Gray Fox (Metal Gear)
|Metal Gear character|
Gray Fox's promotional illustration for Metal Gear Solid.
|First game||Metal Gear (1987)|
|Created by||Hideo Kojima|
|Designed by||Yoji Shinkawa|
|Real name||Frank Jaeger|
The original Metal Gear game introduces Gray Fox (グレイ・フォックス Gurei Fokkusu, spelled "Grey Fox" in the MSX2 games) as a high-ranking agent of FOXHOUND as the "Fox" codename being the highest commemoration within the unit. Prior to the game's events, he goes missing during a mission to Outer Heaven with his last transmission being a cryptic message simply saying "Metal Gear". After being rescued by Solid Snake, Fox reveals TX-55 Metal Gear's true nature to the player.
Metal Gear 2: Solid Snake revealed that Gray Fox left FOXHOUND and defected to Zanzibar Land. Fox pilots the advanced model Metal Gear D and confronts Solid Snake a few times, while secretly assisting Snake as an anonymous informant. Fox's past is fleshed out in this game; his civilian identity Frank Jaeger (フランク・イェーガー Furanku Yēgā, "Frank Yeager" in the MSX2 version) is revealed to have a relationship with former Czech figure skater Gustava Heffner (Natasha Marcova in the MSX2 version) after they met in Calgary and fell in love. Gustava tried to seek asylum with him in America, but failed and was stripped of her competition rights as a result. Following this incident, Frank developed a great deal of resentment toward his superiors, but was unaware that Gustava later joined the StB and is present in Zanzibar as Dr. Kio Marv's bodyguard. During his and Snake's first direct encounter as enemies, Fox's piloting of the Metal Gear accidentally causes Gustava's death. After Snake destroys Metal Gear, Fox challenges Snake to a fistfight in the middle of a minefield and is apparently killed.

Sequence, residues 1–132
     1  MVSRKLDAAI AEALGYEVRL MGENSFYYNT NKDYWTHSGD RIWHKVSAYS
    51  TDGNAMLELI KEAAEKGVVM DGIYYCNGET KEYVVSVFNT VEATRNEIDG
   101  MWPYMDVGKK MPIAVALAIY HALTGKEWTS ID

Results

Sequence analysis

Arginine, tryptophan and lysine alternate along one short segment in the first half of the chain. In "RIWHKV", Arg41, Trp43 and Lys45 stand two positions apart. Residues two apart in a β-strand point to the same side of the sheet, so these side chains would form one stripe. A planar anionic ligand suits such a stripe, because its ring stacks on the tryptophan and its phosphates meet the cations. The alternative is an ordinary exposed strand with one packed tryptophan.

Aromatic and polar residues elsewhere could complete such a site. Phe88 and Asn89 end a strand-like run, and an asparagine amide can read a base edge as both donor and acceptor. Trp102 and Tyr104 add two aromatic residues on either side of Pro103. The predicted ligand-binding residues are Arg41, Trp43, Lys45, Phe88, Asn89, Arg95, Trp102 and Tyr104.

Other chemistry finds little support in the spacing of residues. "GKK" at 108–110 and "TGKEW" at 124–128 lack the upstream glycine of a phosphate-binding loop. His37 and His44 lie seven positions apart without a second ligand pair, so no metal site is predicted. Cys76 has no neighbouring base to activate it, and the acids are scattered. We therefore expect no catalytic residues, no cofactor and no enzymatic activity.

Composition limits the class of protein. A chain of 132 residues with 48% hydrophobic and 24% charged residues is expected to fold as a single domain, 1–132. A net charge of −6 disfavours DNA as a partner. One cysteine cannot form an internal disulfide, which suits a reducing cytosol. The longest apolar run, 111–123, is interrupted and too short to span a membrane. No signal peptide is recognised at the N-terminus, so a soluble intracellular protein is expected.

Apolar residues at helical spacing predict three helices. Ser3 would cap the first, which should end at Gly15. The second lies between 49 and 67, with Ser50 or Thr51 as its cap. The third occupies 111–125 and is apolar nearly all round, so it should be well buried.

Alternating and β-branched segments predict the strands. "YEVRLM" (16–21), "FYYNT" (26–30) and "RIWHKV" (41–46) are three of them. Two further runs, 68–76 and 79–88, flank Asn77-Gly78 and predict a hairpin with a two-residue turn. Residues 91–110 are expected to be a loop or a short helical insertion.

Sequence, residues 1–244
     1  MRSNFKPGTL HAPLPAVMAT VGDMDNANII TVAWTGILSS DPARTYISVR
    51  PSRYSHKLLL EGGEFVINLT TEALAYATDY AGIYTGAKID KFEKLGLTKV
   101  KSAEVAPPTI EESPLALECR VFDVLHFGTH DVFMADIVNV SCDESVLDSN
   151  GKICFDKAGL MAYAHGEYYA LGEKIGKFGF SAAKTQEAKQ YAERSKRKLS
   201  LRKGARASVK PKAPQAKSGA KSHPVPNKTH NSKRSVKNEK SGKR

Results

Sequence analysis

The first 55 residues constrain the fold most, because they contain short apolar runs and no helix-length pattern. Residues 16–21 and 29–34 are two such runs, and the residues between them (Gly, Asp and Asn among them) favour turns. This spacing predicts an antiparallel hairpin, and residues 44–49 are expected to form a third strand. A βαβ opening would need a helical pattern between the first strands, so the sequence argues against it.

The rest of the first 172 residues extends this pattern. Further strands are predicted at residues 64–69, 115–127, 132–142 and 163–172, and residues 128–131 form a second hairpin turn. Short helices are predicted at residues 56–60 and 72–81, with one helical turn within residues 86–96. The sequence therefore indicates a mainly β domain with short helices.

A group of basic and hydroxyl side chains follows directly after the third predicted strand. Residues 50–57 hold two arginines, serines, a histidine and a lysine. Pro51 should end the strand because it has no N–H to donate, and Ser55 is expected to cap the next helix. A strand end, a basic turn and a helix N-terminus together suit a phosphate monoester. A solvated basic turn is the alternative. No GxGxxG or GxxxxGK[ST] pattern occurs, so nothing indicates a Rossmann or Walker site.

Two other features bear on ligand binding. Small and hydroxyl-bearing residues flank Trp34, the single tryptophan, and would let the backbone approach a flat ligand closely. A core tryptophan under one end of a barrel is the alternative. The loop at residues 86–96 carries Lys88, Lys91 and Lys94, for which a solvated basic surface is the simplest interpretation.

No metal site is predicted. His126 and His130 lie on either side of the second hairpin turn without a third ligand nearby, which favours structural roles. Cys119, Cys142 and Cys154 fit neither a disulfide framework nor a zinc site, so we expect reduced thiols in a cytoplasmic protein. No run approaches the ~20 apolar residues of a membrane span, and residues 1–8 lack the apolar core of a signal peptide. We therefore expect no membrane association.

Gray Fox returns as the Cyborg Ninja (サイボーグ忍者 Saibōgu Ninja) in Metal Gear Solid after he has been grafted into a powered armor exoskeleton and armed with a high-frequency blade. During Liquid Snake's FOXHOUND revolt of Shadow Moses, Fox once again challenges Solid Snake to a fight, unintentionally maiming Revolver Ocelot and scaring Otacon in the process. After the fight, he becomes erratic and disappears in a violent rage. Throughout the game, he provides Snake cryptic advice via CODEC as a faceless contact calling himself "Deepthroat". Naomi Hunter eventually divulges being Fox's foster sister as well as his Cyborg Ninja identity to Snake. Later, during Snake's battle with Metal Gear REX, Fox destroys REX's radome with the use of a prototype railgun attached to his arm. However, Fox is killed by Liquid (piloting REX). Before doing so, when Liquid is holding Fox in REX's jaws, the player is given the option to fire a stinger at REX's open cockpit, but Snake refuses to shoot.
Raiden initially thought that the Cyborg Ninja in Metal Gear Solid 2: Sons of Liberty seen during Solidus Snake's Manhattan incident was Gray Fox before learning that the person in question is actually Olga Gurlukovich.